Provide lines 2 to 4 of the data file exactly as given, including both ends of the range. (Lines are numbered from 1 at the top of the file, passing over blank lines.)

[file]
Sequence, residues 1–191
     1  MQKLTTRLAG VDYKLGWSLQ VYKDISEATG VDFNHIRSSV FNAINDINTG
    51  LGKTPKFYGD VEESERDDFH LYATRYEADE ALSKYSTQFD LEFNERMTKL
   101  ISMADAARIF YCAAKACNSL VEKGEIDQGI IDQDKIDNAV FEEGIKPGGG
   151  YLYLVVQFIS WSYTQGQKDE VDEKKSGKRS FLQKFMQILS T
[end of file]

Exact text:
     1  MQKLTTRLAG VDYKLGWSLQ VYKDISEATG VDFNHIRSSV FNAINDINTG
    51  LGKTPKFYGD VEESERDDFH LYATRYEADE ALSKYSTQFD LEFNERMTKL
   101  ISMADAARIF YCAAKACNSL VEKGEIDQGI IDQDKIDNAV FEEGIKPGGG